Monday, August 13, 2007
ALLOW ME TO PROPOSE A TOAST . . . .
Chris and I spent this weekend on the road. On Saturday morning we left for Iowa, to attend my cousin Carrie’s wedding, held near Des Moines. I had never attended an outdoor wedding in August, so sufficed to say, we were dripping with um. . . sentiment . . .by the time the reception rolled around. After the recessional, the guests didn’t wait around to see if the bride and groom planned to dismiss everyone by row. No, it was more or less a refined stampede into the air conditioned hall. Actually, once you got past the 95 degree temperatures, it was a very lovely setting to have a wedding. It was held at a golf course, and the wedding site was on a rolling piece of land, overlooking a small lake, with lots of large trees all around (unfortunately, none of which provided shade for the event, but so it goes.) I really did enjoy the chance to get to see some of my family that I rarely get the opportunity to spend time with. One of my cousins and I figured out that it had been thirteen years since we had seen each other. Unfortunately, it seems that the only time most of my dad’s side of the family is all in one place is for weddings or funerals.
The next morning, Chris and I left Iowa and returned back to Illinois. Chris’s parents had graciously offered (ok – they were persuaded) into keeping the kids an extra night for us, so that we could have one more child-free night to ourselves. We decided to stay at the lodge at Starved Rock State Park in Utica. As we checked in that day, we noticed people busy putting the final touches on a wedding being held later that afternoon there at the lodge (an outdoor wedding as well. . .since when did outdoor weddings in August become so chic?) At any rate, later that evening, Chris and I were sitting in the great hall of the lodge, having some liquid refreshment and playing a game of rummy (to all my single readers, this is what high excitement in married life looks like after ten years.) As we played, we could hear the wedding banquet getting underway next to us - - the great hall had been curtained off, but we could obviously still hear the music and the people milling around next to us. Everything that was said over the PA system was also quite public, which is how I am able to recount the following event.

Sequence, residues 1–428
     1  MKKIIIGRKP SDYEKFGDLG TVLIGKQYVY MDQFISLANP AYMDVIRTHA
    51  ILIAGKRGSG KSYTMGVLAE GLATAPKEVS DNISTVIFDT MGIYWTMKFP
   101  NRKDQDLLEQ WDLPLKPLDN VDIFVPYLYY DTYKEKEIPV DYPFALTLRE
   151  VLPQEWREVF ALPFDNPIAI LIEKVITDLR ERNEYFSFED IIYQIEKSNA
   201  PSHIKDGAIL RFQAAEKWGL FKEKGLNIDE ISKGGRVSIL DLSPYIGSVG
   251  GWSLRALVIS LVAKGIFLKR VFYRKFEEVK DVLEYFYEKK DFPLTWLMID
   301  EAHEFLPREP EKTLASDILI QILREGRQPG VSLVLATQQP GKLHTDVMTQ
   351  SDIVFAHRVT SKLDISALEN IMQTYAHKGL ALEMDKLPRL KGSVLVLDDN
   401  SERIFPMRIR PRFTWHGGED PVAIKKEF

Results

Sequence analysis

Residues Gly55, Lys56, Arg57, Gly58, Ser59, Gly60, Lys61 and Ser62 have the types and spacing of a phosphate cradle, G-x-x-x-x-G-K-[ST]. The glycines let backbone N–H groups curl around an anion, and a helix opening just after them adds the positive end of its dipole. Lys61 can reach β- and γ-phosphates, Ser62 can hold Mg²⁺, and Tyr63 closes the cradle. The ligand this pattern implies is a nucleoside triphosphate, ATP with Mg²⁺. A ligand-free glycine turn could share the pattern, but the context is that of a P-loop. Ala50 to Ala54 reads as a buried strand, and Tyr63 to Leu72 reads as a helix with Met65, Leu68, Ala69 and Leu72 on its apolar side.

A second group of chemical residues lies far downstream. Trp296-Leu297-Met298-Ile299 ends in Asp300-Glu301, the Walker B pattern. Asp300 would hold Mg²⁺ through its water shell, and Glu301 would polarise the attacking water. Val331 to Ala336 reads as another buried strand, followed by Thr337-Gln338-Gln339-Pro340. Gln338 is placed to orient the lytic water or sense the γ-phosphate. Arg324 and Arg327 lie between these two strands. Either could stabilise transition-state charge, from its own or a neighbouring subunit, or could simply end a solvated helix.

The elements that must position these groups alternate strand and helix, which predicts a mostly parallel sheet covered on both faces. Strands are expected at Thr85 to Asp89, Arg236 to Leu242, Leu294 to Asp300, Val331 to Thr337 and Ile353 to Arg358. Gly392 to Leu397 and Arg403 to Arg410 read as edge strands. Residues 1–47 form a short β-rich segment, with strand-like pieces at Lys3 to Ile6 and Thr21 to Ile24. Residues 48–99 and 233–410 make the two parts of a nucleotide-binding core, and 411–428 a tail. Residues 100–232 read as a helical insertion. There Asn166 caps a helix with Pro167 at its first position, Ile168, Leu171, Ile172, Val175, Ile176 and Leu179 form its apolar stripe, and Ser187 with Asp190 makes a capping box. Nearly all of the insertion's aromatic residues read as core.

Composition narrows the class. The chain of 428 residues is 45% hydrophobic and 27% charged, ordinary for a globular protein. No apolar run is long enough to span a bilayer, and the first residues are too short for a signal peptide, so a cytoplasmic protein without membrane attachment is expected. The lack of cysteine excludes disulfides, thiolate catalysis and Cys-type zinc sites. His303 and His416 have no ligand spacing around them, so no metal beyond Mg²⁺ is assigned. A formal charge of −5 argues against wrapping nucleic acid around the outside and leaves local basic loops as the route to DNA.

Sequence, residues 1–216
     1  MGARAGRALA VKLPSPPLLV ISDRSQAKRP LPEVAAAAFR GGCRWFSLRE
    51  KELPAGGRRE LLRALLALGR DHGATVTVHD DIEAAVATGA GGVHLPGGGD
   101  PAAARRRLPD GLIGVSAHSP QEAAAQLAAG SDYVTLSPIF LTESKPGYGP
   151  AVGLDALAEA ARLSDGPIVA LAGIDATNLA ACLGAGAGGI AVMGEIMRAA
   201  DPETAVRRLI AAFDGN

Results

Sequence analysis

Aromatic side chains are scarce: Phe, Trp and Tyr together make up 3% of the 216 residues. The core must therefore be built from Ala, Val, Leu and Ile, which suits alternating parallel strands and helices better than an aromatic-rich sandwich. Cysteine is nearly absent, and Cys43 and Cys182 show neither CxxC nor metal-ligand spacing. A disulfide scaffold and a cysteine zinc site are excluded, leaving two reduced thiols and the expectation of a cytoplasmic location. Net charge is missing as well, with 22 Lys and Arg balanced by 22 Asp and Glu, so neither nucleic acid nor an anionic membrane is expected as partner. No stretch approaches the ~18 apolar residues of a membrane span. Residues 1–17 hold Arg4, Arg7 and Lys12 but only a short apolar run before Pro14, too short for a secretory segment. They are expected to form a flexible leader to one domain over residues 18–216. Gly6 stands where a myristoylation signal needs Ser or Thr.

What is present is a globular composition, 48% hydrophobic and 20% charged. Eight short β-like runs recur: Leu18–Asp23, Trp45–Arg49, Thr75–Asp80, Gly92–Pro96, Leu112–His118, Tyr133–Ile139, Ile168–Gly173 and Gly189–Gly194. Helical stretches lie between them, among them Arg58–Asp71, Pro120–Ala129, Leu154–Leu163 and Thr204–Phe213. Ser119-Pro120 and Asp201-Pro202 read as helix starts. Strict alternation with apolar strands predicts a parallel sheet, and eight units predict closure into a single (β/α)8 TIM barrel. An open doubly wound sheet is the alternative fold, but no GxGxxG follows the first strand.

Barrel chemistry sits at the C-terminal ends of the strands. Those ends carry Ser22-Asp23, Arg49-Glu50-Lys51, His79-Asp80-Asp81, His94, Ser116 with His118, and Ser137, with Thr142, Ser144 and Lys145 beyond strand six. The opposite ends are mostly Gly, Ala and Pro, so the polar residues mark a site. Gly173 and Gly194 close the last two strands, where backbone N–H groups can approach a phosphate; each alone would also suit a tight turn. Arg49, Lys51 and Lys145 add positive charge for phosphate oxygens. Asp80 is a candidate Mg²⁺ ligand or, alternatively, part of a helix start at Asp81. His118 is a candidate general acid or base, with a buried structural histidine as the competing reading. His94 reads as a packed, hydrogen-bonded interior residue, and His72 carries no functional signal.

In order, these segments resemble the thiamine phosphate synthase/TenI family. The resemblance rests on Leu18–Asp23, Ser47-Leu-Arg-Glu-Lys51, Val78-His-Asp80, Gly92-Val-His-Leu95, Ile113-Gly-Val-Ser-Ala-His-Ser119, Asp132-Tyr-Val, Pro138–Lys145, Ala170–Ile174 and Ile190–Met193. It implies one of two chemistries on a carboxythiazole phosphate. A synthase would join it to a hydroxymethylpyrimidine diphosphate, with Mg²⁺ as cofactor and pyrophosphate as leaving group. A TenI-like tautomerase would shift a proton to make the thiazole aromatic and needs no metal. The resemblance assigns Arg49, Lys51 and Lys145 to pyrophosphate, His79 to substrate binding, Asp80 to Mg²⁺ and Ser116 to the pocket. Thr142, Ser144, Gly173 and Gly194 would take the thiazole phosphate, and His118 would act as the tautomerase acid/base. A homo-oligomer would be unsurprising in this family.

One of the first things that they did at this reception (before the food was served even) was to have the toasts from the maid of honor and the best man. The maid of honor was first and gave a very short, yet heartfelt toast. Soon it was time for the best man. He took the microphone, and said to the guests, “hope you have an hour . . . I have a lot to say.” The guests all gave a little laugh. . . .little did they know that he was more serious than they realized. He then started his toast with this joke: A man walks into a bar and says, “ow.” This less-than-amusing line was met without even polite laughter, and it was all downhill from there. I will spare you all the details, simply because of the space it would take up to have to write it all down, but this man’s diatribe covered everything from childhood, high school, college, and in between. He even managed to work in the fact that his friend’s wedding date was the same date that his own brother had died on four years prior, and then went into detail about THAT event. I have no idea how in the world this man felt that his toast was in any way acceptable - - he actually went on for close to fifteen minutes with his rambling toast. FIFTEEN MINUTES!! Twice, the guests at the wedding starting using their utensils to clink their glasses in an effort to let him know that he had gone on entirely too long. He seemed oblivious to their hints, and plowed right on through. I can only surmise that someone must have had to have physically removed the microphone from him, because all of a sudden, his toast stopped short, and everyone in the room started applauding.
(and those people thought the most uncomfortable experience they were going to have all day was sitting outside in the August heat at a wedding!)